Bernie Sanders and Hillary Clinton clashed sharply on Tuesday over which presidential candidate has the tougher plan to rein in the excesses of Wall Street, putting financial reform at the center of a lively and, at times, impassioned first Democratic debate.
“My plan is more comprehensive and frankly it's tougher,” Clinton said, referring to Wall Street reform proposals offered by Sanders.
Sanders quickly responded: “Not true.”
In the course of the two-hour debate among five rivals for the Democratic presidential nomination, Clinton contended that shadow banking is the next area of potential concern and that “you may be missing the forest for the trees” by targeting big banks, as Sanders and former Maryland Governor Martin O'Malley have urged. Her administration would not only give regulators authority to go after big banks, they may also pursue “sending the executives to jail” if needed, she said.
Sanders said the 2016 presidential election is about “whether we can mobilize our people to take back our government from a handful of billionaires” and said Americans will vote for a democratic socialist—how he describes himself—if they understand what it means and that he is not part of the “casino capitalist process.”
The Vermont senator added that billionaire Republican presidential candidate Donald Trump and his wealthy friends will “pay a hell of a lot more” in taxes if he is president and called Wall Street a place “where fraud is a business model.” He called out a former treasury secretary to elaborate on the point. “You know what I said to Hank Paulson?” he said. “I said, 'Hank, your guys, you come from Goldman Sachs, your millionaire and billionaire friends caused this problem. How about your millionaire and billionaire friends pay for this bailout?'”
Clinton and her chief rival offered competing cases for why they can fulfill Americans' appetite for change and outsider candidates, with Clinton emphasizing the desire to make history and Sanders saying he can lead a political revolution against Wall Street and the establishment.
“I can't think of anything more of an outsider than electing the first woman president, but I'm not just running because I would be the first woman president,” Clinton said. “I know what it takes to get things done,” she said. “I know how to find common ground and I know how to stand my ground and I think we're going to need both of those in Washington to get anything that we're talking about up here accomplished.”
Sanders said “there is profound frustration all over this country with establishment politics. I am the only candidate running for president who's not a billionaire who has raised substantial sums of money and I do not have a super-PAC. I am not raising money from millionaires and billionaires.”
Between clashes over policy, there was also a moment of camaraderie between the former secretary of state and the senator, as Sanders sided with Clinton over the scrutiny of the private e-mail account she used while at the State Department. “The American people are sick and tired of hearing about your damn e-mails,” he said. Clinton responded by extending her hand toward Sanders, who grabbed it and shook it.
Under fire from the first moments of the debate, Clinton volleyed the attacks energetically. She frequently alluded to her history-making ambition of becoming the nation's “first woman president” and emphasized her own extensive résumé.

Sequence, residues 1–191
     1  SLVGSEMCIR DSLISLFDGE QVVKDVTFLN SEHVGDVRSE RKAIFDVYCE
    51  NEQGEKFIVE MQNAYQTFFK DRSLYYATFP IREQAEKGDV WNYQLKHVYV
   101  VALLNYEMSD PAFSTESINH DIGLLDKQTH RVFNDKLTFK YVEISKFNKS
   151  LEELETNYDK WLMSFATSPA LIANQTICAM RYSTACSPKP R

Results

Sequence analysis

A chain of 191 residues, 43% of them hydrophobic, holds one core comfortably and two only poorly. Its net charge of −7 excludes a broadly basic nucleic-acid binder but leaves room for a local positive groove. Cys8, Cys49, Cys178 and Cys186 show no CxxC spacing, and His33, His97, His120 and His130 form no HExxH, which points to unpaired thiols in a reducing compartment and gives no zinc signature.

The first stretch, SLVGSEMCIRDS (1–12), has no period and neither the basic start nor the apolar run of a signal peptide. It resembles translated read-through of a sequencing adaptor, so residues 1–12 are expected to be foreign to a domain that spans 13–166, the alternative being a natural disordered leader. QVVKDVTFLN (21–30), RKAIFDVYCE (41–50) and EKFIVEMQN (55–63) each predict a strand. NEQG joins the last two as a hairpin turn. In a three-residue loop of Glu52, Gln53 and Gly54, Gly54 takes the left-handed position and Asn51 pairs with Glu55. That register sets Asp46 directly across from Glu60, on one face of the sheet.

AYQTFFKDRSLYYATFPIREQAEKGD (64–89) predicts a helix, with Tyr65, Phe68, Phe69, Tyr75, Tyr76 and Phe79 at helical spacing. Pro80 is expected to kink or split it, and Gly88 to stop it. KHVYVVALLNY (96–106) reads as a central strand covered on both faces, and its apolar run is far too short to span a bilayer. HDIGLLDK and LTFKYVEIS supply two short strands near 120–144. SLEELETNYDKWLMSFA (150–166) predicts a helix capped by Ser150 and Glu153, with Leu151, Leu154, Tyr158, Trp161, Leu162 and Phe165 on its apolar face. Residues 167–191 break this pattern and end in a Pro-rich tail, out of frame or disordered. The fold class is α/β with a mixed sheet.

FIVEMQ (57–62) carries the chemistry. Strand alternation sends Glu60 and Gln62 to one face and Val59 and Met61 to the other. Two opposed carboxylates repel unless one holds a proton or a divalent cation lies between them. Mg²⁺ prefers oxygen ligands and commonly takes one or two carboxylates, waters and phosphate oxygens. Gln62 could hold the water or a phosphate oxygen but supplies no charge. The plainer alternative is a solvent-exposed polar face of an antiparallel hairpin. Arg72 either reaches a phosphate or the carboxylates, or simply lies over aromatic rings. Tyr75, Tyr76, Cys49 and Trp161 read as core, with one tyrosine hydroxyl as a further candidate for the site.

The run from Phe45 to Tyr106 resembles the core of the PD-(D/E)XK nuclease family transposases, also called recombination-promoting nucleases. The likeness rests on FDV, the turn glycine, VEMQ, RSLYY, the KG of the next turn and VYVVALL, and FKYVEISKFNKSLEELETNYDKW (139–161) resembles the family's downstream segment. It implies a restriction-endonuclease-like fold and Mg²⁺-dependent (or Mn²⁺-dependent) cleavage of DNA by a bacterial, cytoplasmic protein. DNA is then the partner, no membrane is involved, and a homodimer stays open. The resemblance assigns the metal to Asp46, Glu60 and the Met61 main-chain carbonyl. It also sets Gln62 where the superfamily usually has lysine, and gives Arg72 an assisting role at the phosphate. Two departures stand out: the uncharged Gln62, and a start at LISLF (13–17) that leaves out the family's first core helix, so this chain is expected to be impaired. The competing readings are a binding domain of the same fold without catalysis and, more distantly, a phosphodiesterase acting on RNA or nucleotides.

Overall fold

“I am certainly not running for president because my last name in Clinton,” said the wife of the nation's 42nd president, Bill Clinton.
Responding to a question about charges that she’s a flip-flopper, Clinton maintained that she has “been very consistent over the course of my life” in her positions but that she does “absorb new information—I do look at what’s happening in the world.” One of her most recent shifts came last week when she voiced her opposition to the Trans-Pacific Partnership, for which she’d helped lay the groundwork while serving in the Obama administration. When she was secretary of state, “I did say that I hoped it would be the gold standard,” she said. The deal announced last week “did not meet my standards,” she added.
During the debate, Clinton repeatedly praised President Barack Obama and sought to associate herself with his agenda, calling him a “great moral leader” on criminal justice reform and backing his policies on climate change and the financial reform law. It may be a clever strategy as Obama is immensely popular with Democrats—83 percent approve of his job performance; just 10 percent disapprove in a recent CBS News poll. It is also notable given that Senate Democrats facing reelection in 2014—many campaigning in red states—actively steered clear of Obama.
Asked about her upcoming testimony before a House committee that was formed to investigate 2012 terrorist attacks in Benghazi, Libya, that resulted in the death of an American ambassador but has begun to focus on Clinton's use of a private e-mail server, the former secretary of state call it “basically an arm of the Republican National Committee” that was designed to disrupt her campaign. “I'm still standing,” she said to applause from the partisan audience.
Along with Sanders, O'Malley, who has at times been sharply critical of Clinton, also downplayed the e-mail controversy, saying “we don't have to be defined” by it when there are other issues to discuss.
Only former Rhode Island Governor Lincoln Chafee, who began the night noting that his public career has been scandal-free, disagreed, saying that there is “an issue of American credibility” and that “I think we need someone that has the best ethical standards” in the next president.